Acupuncture: Needles & Hemophilia? Does This Make Sense?

Hemophilia pain

acupunctureIt is well known that persons with hemophilia have episodes of painful experiences. Pain results after an acute joint bleed, where the synovial capsule fills with blood and expands with nowhere to go. Once the bleeding is treated with factor,with time the blood in the joint is reabsorbed and the swelling and pain resolve. But we also know about those daily aches and pains, and difficulty moving the joints, especially in the morning, where the pain is there waxing and waning on a daily basis. These symptoms are most likely related to the end stage joint dysfunction resulting in daily arthritic pain. Most persons with hemophilia know how to treat a bleeding joint and minimize joint bleeding with prophylaxis. But what about the joints that have already been affected and “talk to us” daily?

What is acupuncture?

Pain management should involve a “multimodal” therapy. What does that mean? Not just treating pain with pain pills, but using other types of therapy that may work best for you.
The basis of acupuncture is that the energy called “chi” flows through and around your body along pathways called meridians. Along these meridians are target “energy points” that correlate to different parts or functions of the body. By targeting these energy points through the insertion of needles, we are able to alter the flow of energy, thus improving the health of the person.

How is acupuncture performed?

A certified acupuncturist will ask about health history and do a physical exam, using key points on your body (muscles and bones) in order to place needles in the appropriate places. Very thin needles are tapped into the skin, some deeper than others. Most often, you do not feel anything when the needles are inserted, but sometimes, you may feel a slight pressure, tingling sensation, or ache. This provides the sign that the “chi” has been accessed. After the needle has been placed, the provider may roll the needle slightly or may use heat or an electrical current on it. Most treatments can take between 15-60minutes, depending on the area of need. Acupuncture has been around for thousands of years, and used frequently for the management of arthritic pain with reported benefit.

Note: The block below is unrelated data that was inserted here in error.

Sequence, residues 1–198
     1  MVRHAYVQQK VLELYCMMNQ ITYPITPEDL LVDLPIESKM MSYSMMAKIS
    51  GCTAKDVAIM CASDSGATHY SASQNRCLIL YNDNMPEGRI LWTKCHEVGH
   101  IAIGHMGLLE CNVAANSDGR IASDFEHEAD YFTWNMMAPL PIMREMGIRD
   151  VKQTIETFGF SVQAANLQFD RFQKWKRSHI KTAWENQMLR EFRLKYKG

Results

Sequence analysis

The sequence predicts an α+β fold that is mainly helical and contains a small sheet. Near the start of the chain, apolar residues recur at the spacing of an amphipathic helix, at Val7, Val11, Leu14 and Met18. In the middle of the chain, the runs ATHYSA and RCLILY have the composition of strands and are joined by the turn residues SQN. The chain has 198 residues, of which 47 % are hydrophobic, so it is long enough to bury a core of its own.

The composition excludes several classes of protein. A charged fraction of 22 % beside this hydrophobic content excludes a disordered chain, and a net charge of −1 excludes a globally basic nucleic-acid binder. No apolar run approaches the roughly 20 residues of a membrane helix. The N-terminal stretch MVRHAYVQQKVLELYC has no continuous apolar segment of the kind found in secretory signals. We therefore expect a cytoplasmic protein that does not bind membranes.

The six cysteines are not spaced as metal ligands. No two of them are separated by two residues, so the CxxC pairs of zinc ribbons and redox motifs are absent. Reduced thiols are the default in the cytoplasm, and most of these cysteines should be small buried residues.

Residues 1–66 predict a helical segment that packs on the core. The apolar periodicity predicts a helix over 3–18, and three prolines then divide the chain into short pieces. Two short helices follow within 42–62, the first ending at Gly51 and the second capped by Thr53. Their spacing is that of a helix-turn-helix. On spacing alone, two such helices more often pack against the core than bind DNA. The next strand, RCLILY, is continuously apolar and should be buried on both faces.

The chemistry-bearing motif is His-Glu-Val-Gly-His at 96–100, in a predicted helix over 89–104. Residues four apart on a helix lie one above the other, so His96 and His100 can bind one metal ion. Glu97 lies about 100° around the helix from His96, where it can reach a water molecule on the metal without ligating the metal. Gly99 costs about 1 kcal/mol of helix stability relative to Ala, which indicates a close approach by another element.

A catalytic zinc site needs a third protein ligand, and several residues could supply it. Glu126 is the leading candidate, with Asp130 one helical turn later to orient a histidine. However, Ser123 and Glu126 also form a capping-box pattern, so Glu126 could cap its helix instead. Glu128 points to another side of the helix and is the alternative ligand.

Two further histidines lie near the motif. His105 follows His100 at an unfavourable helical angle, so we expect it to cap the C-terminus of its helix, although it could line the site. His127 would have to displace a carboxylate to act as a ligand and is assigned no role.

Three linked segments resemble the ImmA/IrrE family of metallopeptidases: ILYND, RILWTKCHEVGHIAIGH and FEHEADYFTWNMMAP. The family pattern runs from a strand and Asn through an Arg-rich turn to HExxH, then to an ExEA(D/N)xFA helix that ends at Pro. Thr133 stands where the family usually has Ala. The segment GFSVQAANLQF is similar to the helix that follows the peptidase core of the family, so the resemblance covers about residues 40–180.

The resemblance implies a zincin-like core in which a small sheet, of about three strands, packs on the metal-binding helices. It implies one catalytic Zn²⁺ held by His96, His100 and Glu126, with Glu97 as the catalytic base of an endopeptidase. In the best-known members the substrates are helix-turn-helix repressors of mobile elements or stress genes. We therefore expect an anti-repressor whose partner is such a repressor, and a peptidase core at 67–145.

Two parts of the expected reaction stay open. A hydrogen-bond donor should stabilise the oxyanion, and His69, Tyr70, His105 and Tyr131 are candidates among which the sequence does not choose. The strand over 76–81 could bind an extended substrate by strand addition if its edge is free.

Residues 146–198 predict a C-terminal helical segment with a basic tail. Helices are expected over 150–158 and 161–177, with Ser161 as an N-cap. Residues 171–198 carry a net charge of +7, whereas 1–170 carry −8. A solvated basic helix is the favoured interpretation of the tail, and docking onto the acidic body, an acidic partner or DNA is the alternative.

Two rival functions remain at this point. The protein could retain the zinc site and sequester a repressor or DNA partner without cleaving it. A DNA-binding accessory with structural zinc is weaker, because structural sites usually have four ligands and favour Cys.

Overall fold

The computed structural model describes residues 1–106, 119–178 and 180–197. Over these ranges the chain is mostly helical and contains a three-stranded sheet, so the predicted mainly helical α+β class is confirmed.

How safe/useful is it with hemophilia?

There are both possibilities and risks of acupuncture use for persons with bleeding disorders. In theory, the needles are very small, and only enter through the first few layers of the skin, so bruising and/or bleeding should not be a problem. There have been several studies performed with acupuncture use on persons with hemophilia. In 2002, Rosted and Jorgensen reported a successful trial of acupuncture in one person after his factor level was increased to greater than 15% prior to each acupuncture treatment. After five acupuncture treatments, he reported a significant improvement in his knee pain. In 2006, Wallny studied acupuncture use on 10-12 hemophilia patients for arthritic pain and found that pain scores were improved without any bleeding episodes reported from the procedures. And most recently (reported January2012), Henry Ford Health System performed an acupuncture study with their twinning partner in India, where 9 persons with varying levels of hemophilia participated Some received factor prior to acupuncture treatments and some did not. There was no bleeding or bruising reported by any of the patients in the study. More than 50% of the patients identified a decrease in painful joints after acupuncture treatments, and a decrease in oral pain medication usage, and an improvement in quality of life.
Remember, there are multiple ways to manage pain. You have to seek what therapies will work best for you.
Is acupuncture for you? Here is what you can do:

  1. Talk to your hemophilia treatment center first to discuss what is best for you. You may be encouraged to do prophylaxis.
  2. Choose an acupuncturist who is certified by an appropriate agency. Referrals by others you trust can be helpful.
  3. Do your homework, learn about the process, and learn about the acupuncturist. You can check for certifications on the web.
  4. Success with acupuncture may require several treatments before an improvement is noted, and may require occasional repeat treatments to maintain optimal relief.
  5. Talk to the acupuncturist to know what to expect, what is a ‘normal’ response, and what may be different.
  6. Remember that pain management requires a multimodal approach. What may work for you may not work for others. You have to determine what strategies will work best for you.
  7. Keep an open mind!

By: Angela Lambing, MSN, Np-C
Angela is a nurse practitioner for the past 21 years, working as the hemophilia nurse coordinator at Henry Ford Health system for the past 11 years.  Her passions in hemophilia care are focusing on the aging issues in hemophilia and pain. She has participated in research, lectured and authored many articles related to the hemophilia pain experience.